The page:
P-Type vs N-Type Solar Panels

November 24, 2022

What is a Solar Cell Made From? What is The Difference Between an N-type and P-type Cell?

Solar cells are essentially a crystalline silicon wafer with other materials added for electricity production. A P-type cell has a silicone base with boron atoms infused to create an overall positive charge (hence ‘P’ type). The top silicone layer of the wafer is infused with phosphorus (N-type) to create a p-n junction for electricity flow. P-type cells are the most common type used in solar panel production. N-type cells are basically the opposite formation of the P-type cell. They have a silicon base infused with phosphorus creating an overall negative charge. The top layer of N-type silicon cells is infused with boron (P-type) for the p-n junction formation.

Why do P-type Cells Dominate in Solar Panel Production?

The first solar cell, created in 1954, was in fact an N-type cell. Solar technology was originally developed for use in space, where P-type cells were found to be more tolerant to radiation damage. Over the years, more research was invested into P-type cells. When the commercial/residential solar industry developed, P-type panels dominated due to extensive information already available on the technology. N-types did not have the same investment put into its research.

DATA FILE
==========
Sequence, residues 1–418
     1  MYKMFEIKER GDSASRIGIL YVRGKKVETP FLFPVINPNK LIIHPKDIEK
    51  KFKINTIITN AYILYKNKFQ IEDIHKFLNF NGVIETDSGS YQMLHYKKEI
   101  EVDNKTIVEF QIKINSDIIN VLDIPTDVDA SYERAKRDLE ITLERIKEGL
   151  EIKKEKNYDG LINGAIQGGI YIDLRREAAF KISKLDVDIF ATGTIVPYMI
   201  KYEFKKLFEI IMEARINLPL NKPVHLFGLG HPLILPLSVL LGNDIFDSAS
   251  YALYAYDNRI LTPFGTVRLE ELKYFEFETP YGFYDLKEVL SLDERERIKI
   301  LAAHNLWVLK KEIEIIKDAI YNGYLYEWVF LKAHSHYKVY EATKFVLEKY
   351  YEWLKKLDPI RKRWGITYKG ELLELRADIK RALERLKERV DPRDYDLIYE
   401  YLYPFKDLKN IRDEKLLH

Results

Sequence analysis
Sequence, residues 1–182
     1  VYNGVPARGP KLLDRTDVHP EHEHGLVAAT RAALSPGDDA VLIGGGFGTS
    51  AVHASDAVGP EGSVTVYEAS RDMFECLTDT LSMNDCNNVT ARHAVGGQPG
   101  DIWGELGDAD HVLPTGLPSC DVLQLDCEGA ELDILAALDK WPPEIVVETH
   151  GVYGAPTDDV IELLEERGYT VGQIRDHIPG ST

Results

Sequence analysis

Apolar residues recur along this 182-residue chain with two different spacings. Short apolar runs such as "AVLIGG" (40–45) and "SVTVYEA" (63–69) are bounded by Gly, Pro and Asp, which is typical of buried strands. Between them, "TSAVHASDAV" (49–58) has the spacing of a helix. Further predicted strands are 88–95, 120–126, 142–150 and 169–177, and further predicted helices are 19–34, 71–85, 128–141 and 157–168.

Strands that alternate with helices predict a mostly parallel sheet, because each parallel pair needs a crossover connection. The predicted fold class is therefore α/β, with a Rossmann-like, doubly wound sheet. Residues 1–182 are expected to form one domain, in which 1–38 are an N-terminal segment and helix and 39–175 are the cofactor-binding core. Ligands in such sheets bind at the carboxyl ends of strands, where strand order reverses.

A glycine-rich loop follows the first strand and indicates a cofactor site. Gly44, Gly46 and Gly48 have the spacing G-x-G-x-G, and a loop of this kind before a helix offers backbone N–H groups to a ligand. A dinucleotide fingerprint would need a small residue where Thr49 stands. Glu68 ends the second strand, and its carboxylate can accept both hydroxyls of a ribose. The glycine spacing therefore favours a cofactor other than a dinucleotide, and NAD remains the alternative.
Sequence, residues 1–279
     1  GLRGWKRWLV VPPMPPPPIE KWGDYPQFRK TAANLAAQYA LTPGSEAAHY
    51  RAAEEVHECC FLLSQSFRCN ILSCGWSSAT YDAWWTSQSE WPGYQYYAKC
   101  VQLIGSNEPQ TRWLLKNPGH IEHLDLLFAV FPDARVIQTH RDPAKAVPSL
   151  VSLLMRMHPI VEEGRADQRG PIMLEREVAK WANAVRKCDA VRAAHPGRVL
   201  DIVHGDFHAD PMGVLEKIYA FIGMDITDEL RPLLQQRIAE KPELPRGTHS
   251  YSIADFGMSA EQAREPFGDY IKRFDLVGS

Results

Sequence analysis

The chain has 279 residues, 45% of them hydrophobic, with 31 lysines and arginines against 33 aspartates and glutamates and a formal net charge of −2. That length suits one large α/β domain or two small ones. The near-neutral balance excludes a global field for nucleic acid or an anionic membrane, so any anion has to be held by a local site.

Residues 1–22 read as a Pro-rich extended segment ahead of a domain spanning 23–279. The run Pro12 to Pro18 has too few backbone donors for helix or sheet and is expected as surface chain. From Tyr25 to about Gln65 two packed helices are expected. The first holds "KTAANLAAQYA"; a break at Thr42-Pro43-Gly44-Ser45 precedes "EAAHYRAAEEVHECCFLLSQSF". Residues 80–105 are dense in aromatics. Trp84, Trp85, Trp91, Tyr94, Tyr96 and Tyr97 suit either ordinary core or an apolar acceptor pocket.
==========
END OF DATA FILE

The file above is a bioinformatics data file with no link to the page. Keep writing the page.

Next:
Advantages and Disadvantages of P-type and N-type Panels:

P-type panels are the most common type available for purchase. They are more cost competitive than N-type panels and they have held the largest extent of the market for the last 40 years. Disadvantages of P-type panels include the boron-oxygen defect. When the cells are formed, a significant concentration of dissolved oxygen presents and forms a recombination area with the boron (under light exposure). This event is called ‘light induced degradation’ and it reduces the efficiency of the cell. P-type cells are also more prone to metallic impurities such as interstitial iron, these impurities can lower the lifetime of the cell. N-type cells have many advantages, they are resistant to light induced degradation due to the presence of phosphorus instead of boron within the silicon. This immunity leads to a longer carrier lifetime of the cell and a more efficient, powerful system. N-type cells are also less prone to metallic impurities that affect P-type cells and have a higher temperature tolerance.

What Should I Choose?

The greater purity of the N-type silicon allows for higher efficiency, less degradation over time and lower energy losses. This leads to more power generation and higher performance over the panel’s lifetime.

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